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I have a general idea, and there are some obvious cases, but there are also some gray areas for me - when is it best to use to extend from a component and when is it best to create a user control ? This pertains to a specific work problem I am trying to solve, but the specifics of that are not important - a general answer to this question is enough for me.

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4 Answers 4

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In WPF and Windows Forms, both, the main difference is that a UserControl is meant to be a collection of controls - a reusable, single object "composed" from multiple controls themselves.

You'd impelemnt a Component/CustomControl/Control instead of a UserControl if you are making a single, primitive control with new behavior, instead of making a "control" that's composed of smaller controls. Component usually is a non-visual behavior, where a CustomControl/Control is usually for a visual control.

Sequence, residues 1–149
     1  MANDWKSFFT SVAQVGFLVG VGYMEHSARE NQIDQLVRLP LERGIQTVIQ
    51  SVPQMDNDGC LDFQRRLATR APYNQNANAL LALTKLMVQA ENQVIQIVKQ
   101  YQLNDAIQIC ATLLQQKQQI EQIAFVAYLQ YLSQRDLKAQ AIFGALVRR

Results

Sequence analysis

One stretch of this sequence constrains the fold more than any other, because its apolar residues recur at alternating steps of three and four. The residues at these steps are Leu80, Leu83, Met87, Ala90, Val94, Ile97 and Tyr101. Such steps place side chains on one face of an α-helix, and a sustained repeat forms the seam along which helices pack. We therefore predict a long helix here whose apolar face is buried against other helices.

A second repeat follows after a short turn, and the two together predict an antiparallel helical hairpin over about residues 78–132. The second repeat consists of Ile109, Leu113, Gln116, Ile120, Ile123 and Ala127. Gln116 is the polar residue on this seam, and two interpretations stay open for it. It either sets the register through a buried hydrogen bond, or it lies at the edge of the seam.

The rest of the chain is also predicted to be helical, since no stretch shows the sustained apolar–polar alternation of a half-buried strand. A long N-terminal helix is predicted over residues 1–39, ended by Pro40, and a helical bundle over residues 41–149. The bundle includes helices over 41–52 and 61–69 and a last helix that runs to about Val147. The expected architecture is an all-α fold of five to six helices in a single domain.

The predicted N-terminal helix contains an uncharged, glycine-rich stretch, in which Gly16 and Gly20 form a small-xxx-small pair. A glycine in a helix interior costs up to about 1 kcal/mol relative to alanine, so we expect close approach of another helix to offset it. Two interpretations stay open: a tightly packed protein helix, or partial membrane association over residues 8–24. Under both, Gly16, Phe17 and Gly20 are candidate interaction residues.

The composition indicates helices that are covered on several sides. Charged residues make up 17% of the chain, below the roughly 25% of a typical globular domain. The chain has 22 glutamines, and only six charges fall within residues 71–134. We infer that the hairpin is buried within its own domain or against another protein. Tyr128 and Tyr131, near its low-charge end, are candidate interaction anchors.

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There is one significant difference between a Component and a Control: Controls have user interface. All controls are also components, but not all components are controls. If you need to display a user interface, deriving from some kind of Control base (Control, UserControl, Form, etc.) would usually be required. If you just have behavior, such as with the BackgroundWorker component, then you would only need to derive from Component directly.

Another note...both Components and Controls may be dropped onto a design surface. Components show up as an icon and a label in a special area, controls appear directly on the design surface. However, there is a third thing that you may use: a simple Class. If you do not need design surface support, I would recommend using a simple class rather than Component or Control. They are lighter in weight and less bloated when all you need is 100% pure behavior with no design-time support.

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I typically extend Control, or more ofter UserControl, only when I want to package some UI functionality. For Components, I think of the classic example, the Timer. It can be dropped onto the designer, configured through the Properties pane, and then accessed programmatically through the code behind. In short, I extend Component when I want to be able to manipulate some bundled-up state and behavior, an object with no UI, through the designer.

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In general, I would use Component when the control does not have any user interface (or at least not one that is present on the form). If it is a UI control I would create a User Control instead.

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